Sushi: A Global Love Affair

There are about 250,000 sushi restaurants in Japan, but if you count the number of izakaya and other restaurants that have sushi on their menus, the buy is much, much higher.

For its first century or so, sushi was a Tokyo-centric dish. Edomae sushi was focused on the fish in Edo (now Tokyo) Bay. Then the devastation of the 1923 Great Kanto Earthquake sparked an exodus of sushi chefs to other parts of Japan. Unsurprisingly, people in those other regions liked sushi just as much as Tokyoites did.

In the latter part of the 20th century, sushi spread overseas. Today, the Japanese government estimates that there are about 120,000 Japanese restaurants outside of Japan, and many of these serve sushi.

The world’s love affair with Japanese cuisine is said to have started in Los Angeles and New York in the 1970s. Traders and other businesspeople for a taste for it on their trips to Japan, and then sushi became trendy as a healthy choice in always-diet-conscious America.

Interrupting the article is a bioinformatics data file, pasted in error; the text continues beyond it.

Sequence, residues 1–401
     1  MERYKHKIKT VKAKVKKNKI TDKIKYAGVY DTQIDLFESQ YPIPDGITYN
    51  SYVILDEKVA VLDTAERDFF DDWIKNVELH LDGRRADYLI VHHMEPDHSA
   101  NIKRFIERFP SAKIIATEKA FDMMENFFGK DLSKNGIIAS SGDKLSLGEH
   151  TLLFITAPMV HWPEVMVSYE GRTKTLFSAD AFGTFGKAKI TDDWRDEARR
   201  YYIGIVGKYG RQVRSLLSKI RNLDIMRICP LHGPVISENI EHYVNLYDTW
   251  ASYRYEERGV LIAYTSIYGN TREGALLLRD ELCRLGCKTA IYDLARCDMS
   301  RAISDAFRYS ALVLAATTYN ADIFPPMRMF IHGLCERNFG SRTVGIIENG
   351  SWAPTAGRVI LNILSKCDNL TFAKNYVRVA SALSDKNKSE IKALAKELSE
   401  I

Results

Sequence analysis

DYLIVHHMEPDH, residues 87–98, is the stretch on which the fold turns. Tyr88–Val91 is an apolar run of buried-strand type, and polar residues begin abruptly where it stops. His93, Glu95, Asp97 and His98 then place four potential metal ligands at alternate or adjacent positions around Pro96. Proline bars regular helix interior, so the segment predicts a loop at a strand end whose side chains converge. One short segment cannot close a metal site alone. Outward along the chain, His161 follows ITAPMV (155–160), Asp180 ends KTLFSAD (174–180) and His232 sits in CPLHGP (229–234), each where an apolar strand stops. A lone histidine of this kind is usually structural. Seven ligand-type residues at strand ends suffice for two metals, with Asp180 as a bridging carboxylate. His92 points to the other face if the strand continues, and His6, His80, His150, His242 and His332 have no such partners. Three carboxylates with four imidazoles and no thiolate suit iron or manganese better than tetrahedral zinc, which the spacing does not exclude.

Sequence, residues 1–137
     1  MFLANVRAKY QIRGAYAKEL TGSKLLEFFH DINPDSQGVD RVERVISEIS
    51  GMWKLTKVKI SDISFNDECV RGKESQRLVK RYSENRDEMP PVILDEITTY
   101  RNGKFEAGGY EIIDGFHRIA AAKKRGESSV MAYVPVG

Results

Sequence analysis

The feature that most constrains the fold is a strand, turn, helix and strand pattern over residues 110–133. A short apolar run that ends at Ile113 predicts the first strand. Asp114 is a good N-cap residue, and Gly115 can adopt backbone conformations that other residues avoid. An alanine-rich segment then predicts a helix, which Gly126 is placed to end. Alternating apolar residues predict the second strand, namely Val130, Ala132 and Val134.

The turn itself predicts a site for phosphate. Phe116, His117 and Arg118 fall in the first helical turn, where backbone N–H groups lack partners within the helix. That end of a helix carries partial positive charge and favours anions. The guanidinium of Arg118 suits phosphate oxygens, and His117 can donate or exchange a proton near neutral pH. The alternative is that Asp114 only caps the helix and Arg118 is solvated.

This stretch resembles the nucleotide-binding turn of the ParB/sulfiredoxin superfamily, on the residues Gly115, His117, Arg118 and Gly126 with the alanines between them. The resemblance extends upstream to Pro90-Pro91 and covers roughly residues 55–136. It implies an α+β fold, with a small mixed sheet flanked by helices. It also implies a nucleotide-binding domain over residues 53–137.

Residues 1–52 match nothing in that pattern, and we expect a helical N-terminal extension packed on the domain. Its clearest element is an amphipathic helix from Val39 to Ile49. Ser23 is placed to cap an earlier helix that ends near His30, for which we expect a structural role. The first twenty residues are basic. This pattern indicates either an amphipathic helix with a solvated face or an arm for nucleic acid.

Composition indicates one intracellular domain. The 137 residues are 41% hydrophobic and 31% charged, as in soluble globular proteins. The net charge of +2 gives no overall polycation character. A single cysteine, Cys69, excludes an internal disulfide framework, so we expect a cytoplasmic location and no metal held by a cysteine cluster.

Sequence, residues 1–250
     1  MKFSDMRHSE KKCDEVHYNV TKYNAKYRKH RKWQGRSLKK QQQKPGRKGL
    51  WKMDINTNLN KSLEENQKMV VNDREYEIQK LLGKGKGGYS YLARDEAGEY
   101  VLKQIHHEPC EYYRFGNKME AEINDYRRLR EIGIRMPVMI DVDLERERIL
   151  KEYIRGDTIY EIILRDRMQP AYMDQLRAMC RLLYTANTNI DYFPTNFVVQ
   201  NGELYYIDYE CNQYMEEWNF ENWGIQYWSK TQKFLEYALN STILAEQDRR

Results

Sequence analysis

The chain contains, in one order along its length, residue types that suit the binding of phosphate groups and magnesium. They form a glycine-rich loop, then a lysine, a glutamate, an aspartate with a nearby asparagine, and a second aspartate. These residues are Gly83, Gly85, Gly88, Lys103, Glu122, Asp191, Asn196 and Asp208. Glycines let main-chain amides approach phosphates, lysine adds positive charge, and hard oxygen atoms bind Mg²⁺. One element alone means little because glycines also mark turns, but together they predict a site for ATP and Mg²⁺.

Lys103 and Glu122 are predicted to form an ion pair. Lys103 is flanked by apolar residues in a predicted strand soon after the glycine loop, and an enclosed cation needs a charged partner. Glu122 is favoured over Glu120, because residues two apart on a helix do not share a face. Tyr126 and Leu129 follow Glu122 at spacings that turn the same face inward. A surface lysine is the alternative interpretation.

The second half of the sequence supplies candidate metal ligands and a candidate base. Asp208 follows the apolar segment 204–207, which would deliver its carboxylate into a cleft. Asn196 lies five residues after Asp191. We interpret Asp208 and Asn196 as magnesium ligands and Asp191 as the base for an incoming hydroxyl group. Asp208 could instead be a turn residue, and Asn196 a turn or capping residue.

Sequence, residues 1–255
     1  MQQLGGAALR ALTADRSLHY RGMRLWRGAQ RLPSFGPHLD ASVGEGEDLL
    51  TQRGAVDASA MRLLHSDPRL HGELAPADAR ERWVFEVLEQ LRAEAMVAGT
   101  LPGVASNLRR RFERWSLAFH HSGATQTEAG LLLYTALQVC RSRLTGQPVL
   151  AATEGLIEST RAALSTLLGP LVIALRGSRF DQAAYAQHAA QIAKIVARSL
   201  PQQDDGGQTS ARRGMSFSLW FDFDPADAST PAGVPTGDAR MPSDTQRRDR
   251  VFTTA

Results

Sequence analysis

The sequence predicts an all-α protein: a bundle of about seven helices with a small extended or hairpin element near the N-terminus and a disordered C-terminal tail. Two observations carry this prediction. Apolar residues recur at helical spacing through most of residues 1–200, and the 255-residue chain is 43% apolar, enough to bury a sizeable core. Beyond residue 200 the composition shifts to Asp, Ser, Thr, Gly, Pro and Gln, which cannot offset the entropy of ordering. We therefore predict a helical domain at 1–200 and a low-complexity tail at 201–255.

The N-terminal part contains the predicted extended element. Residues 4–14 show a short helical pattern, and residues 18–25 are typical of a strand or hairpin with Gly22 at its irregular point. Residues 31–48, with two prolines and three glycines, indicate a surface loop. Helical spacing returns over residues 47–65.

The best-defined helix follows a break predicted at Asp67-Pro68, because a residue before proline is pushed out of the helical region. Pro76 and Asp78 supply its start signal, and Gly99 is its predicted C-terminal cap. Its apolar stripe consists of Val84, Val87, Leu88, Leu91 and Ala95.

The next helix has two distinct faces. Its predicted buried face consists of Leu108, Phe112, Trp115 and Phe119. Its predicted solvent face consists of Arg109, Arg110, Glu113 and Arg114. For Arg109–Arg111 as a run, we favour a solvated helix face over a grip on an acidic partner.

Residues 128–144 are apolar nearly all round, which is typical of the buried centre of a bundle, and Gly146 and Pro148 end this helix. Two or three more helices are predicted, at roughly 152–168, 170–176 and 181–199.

Until 2010, North America had the most Japanese regions outside of Japan. But today, Asia (not including Japan) leads the way with a whopping 69,000 Japanese restaurants. North America has 25,000, followed by Europe with 12,000, according to statistics from 2013.

Breaking it down further, China has 23,000 Japanese restaurants, and the US has 22,000. South Korea and Taiwan take third and fourth place, respectively. In Europe, France leads the way with 3,000, more than triple the number in Italy, Spain, or the UK.

The proof is in the numbers: The world loves sushi. Let’s take a look at Seattle’s sushi scene, and later in this issue, some of this popular cuisine’s latest trends in Japan.

Author profile

Yasushi Kurita was born in Tokyo. He has spent the last 30 years as a writer for print publications and TV. When he was in college, he spent two years in New York. His favorite band is the Atlanta Rhythm Section, making him one of about 15 Japanese people who actually like that band.